by lunarg on January 10th 2017, at 14:42

If your ESX host has lost connection to the vCenter server, but you can still directly access the host's management, and can find nothing else wrong with the vCenter server or its network connection to the host, you may want to the free space on your ESX host.

Logs and other temporary files may have filled up one or more ramdisk partitions (e.g. when you don't have a persistent scratch partition, it gets mounted on /tmp). This can cause any of the following issues:

  • Connection loss between the ESX host and vCenter server;
  • Errors when attempting to reconnect or add an ESX host to a vCenter server;
  • Errors while attempting to activate or configure HA;
  • Other unexplainable errors...

You can check free space for all ramdisks through the ESXi Shell or remotely through SSH:

vdf -h

You can ignore output about the tardisks, and look directly at the ramdisk partitions. You should get an output similar to this:

Ramdisk                   Size      Used Available Use% Mounted on
root                       32M      520K       31M   1% --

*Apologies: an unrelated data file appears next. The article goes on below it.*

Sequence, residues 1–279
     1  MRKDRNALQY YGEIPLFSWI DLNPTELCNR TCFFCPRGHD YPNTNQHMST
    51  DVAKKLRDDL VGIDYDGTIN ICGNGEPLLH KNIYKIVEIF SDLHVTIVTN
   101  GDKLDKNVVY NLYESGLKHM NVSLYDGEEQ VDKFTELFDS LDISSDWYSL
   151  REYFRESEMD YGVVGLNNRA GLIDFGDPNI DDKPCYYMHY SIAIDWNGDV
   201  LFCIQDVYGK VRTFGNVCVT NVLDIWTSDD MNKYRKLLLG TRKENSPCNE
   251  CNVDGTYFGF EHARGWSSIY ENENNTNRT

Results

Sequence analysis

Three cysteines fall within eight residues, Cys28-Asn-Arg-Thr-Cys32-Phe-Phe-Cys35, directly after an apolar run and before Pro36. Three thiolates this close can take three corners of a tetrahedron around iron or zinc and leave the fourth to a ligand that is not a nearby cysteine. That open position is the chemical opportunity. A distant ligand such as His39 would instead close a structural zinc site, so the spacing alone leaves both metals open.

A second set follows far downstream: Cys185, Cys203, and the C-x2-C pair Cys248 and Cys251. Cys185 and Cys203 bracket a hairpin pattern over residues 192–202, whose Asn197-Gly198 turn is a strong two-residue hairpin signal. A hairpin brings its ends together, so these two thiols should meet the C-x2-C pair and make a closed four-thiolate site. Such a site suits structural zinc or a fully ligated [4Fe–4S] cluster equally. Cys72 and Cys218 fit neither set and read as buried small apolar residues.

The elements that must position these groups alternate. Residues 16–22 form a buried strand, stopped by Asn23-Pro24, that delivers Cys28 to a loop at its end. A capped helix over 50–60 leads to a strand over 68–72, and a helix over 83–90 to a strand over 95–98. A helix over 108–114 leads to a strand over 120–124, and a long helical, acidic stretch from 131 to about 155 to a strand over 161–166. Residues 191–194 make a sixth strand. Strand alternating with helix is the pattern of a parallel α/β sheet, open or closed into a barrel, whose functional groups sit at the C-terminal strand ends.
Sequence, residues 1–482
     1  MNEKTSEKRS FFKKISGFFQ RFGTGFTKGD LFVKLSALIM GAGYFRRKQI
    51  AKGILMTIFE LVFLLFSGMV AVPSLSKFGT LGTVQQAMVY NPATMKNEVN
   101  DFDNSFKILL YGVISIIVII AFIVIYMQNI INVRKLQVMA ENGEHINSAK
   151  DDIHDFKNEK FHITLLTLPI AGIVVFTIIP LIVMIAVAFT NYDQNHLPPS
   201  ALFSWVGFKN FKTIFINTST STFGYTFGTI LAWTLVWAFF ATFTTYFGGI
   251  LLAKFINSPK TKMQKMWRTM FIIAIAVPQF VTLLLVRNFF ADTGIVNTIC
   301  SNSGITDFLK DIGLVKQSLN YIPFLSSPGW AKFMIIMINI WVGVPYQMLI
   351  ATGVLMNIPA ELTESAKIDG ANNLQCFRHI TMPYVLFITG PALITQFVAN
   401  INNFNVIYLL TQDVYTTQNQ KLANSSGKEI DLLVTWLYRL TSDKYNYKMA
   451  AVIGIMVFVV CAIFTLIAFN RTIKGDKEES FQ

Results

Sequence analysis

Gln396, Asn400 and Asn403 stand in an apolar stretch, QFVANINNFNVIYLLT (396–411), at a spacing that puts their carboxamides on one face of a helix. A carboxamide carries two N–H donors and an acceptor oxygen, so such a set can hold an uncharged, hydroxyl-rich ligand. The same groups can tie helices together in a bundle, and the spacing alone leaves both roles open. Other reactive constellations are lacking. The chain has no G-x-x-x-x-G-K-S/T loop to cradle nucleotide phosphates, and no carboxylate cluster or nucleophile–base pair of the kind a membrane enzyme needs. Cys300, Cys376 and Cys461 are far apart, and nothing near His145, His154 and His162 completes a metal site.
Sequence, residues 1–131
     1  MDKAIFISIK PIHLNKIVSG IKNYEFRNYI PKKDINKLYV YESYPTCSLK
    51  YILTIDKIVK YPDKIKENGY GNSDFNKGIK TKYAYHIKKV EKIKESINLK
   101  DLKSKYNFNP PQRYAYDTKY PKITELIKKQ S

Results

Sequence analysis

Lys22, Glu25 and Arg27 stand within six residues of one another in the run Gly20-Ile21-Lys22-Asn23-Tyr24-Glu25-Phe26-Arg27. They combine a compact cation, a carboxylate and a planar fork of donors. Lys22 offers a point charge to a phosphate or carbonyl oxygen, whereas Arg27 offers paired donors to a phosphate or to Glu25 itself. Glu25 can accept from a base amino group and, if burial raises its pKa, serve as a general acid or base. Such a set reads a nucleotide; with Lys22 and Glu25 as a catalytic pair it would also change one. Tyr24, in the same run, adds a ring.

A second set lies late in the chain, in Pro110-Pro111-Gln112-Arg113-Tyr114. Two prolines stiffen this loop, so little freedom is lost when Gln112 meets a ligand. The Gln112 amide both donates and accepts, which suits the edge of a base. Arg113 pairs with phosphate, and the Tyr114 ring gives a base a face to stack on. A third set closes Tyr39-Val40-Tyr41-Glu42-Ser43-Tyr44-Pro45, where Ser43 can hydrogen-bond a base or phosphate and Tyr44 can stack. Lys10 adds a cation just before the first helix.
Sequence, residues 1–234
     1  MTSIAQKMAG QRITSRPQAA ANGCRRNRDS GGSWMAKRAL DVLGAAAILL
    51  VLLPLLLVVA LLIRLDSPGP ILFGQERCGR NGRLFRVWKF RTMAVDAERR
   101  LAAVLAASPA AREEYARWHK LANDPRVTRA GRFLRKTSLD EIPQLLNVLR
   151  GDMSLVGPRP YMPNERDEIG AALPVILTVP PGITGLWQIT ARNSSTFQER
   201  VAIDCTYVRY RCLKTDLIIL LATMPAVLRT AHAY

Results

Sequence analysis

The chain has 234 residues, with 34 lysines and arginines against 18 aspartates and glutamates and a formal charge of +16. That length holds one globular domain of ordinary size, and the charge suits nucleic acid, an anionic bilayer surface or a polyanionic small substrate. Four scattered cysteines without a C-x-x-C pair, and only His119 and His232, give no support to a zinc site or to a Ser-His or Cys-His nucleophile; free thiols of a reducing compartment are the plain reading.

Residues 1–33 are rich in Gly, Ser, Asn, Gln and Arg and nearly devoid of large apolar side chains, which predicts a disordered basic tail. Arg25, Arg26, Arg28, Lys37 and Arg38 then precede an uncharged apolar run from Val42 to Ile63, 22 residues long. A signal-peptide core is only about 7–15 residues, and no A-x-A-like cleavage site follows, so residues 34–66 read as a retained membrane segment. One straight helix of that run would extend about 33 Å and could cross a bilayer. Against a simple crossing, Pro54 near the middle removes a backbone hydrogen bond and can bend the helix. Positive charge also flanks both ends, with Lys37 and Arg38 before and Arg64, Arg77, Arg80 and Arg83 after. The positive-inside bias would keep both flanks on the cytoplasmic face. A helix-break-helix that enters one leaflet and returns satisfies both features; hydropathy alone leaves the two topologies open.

etc                        28M      184K       27M   0% --
tmp                       192M        4K      191M   0% --
hostdstats                303M        3M      299M   1% --

If you see that one of these has filled up (i.e. no or almost no available space left), you need to make some room.

Clearing log files from /tmp

Usually the tmp ramdisk gets filled up by logs from certain VIBs. Look in the /tmp folder, and check whether any logs are taking up a lot of space. The usual culprits are those generated by SANs or faulty/buggy drives, which don't log to the default location, but log to the /tmp partition instead.

You can easily clear logs from the shell by emptying them, like so:

> /tmp/log/logfile.log

If you require the contents of the log files, you can copy them off the server first, either to a datastore, or through SCP to another host or SSH-enabled file server.

About logging to the "scratch partition"

Normally, it is good and common practice to set up logging to a persistent datastore. This resolves the problem about your scratch partition filling up with logs. However, not all VIBs play fair. Some ignore the default location for logging, and create log files on the /tmp partition. As this partition is also used for installation and configuration of VIBs (among other things), a full /tmp can cause issues like those stated earlier in this article.

Known VIBs that log to /tmp

  • Certain (older) versions of the Q-Logic adapter driver create large logs at /tmp/log/ql_ima.log (solution here).
  • The Dell EqualLogic multipathing VIB creates logs at /tmp/log/equallogic/.
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